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Lisp is a programming language famous for its use in Artificial Intelligence and advanced Computer Science research. First developed in 1958, it is the second oldest (after Fortran) high-level programming language still in common use.
Two dialects of Lisp are available at TWENEX.ORG, Maclisp and InterLisp-10.
Maclisp was developed in the mid-1960's as part of MIT's Project MAC1), originally for the PDP-6 ITS operating system.
Maclisp was a highly influential language and was the primary inspiration for Common Lisp, with contributions form other dialects like InterLisp.
Before running MACLISP, you must define the following logical name:
@DEFINE LISP: <MACLISP>
(You can add the above line to your LOGIN.CMD file to automatically define the logical name for all of you TWENEX sessions.)
It is also recommended that you create a Maclisp init file (
LISP.INI) in your home directory with the following contents:
;;; A very typical init file / Emacs mode--> -*- Mode:LISP; -*- (COMMENT) ;magic (PROGN ; real init file stuff (SETQ BASE 10. IBASE 10. *NOPRINT NIL) ;base-10 display (SETQ NOUUO T *RSET T) ;these make debugging easier (SSTATUS FEATURE NOLDMSG) ;supress module load messages '*) ;return an asterisk for Maclisp to print out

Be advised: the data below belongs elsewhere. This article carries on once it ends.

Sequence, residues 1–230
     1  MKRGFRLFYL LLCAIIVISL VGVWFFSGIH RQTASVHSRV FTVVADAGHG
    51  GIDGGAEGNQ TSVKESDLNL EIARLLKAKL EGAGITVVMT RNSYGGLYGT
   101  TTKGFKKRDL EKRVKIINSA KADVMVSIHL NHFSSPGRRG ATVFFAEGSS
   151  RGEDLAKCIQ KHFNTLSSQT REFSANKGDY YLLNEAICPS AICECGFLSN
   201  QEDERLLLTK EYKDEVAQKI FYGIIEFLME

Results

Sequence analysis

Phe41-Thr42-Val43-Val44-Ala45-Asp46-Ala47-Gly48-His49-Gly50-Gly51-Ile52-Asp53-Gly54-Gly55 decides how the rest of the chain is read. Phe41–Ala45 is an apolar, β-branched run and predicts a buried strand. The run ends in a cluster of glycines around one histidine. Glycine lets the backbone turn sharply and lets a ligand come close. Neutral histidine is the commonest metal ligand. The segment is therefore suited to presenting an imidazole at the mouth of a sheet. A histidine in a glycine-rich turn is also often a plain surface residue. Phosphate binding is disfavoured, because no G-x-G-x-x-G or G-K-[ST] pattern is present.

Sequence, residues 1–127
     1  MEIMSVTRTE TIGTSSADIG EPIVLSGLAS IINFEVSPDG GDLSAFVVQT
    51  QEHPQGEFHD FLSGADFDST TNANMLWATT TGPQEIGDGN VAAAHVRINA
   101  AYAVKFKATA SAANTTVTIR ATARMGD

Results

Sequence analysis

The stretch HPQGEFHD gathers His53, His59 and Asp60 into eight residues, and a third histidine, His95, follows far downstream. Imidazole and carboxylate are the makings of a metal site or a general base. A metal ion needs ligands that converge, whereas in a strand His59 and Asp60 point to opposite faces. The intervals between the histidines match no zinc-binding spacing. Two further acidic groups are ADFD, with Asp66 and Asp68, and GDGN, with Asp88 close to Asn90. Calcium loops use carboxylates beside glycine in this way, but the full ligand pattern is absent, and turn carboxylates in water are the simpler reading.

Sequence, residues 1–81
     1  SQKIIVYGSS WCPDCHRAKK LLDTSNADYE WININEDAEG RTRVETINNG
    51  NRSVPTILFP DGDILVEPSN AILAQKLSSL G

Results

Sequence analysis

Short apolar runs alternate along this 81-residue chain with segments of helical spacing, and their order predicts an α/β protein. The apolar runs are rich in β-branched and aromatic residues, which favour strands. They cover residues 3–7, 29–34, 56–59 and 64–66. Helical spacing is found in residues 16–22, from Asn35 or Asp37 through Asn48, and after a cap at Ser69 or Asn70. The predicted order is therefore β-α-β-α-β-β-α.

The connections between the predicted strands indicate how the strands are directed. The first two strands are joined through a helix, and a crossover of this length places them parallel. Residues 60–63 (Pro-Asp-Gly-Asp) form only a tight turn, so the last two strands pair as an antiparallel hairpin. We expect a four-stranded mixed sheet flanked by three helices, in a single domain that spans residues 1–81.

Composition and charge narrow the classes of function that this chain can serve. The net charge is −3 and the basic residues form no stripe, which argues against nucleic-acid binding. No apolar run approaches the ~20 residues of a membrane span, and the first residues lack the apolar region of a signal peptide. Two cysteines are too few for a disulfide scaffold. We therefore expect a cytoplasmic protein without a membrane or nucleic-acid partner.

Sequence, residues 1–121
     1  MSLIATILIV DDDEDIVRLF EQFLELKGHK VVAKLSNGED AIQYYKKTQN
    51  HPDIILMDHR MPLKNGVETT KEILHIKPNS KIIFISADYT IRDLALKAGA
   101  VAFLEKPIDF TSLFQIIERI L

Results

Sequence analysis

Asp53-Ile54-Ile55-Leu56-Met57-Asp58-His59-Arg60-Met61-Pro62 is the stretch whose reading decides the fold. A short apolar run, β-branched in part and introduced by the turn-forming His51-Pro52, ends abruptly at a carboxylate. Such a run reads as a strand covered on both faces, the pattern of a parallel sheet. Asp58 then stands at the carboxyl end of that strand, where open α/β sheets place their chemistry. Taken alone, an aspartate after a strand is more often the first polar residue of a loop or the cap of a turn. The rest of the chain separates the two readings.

LEDIT is a software package that allows a programmer to inspect, modify, and save Lisp source expressions from within a Maclisp session, abilities Maclisp itself lacks. This is achieved by calling the Emacs editor from the programmer's Maclisp session.
To use LEDIT:
- Start Maclisp and load your source file.
(LOAD “LISP:LEDIT.FASL”) (You may add this line to your LISP.INI file and eliminate this step.)
(LEDIT) to switch to Emacs.
- View, change, save source with Emacs commands.
- Flag function definitions to update in Maclisp with
- Return to Maclisp with
InterLisp was developed in 1967 at Bolt, Beranek and Newman (BBN) for TENEX, BBN's in-house PDP-10 operating system. Development was later transfered to XEROX PARC. The language became popular with Stanford University AI researchers and at other principly US West-Coast institutions.
InterLisp was noted for its integration of interactive development tools into the the programming environment: debugger, Lisp-structure-aware editor, spelling corrector, file manager.
The dialect was in a rivalry with Maclisp prior to the development of Common Lisp.
EMACS LEDIT mode
(Is LEDIT another Lisp dialect, or just a TOPS-20 Emacs (non-/pre-GNU/Elisp) mode for editing Lisp source code?)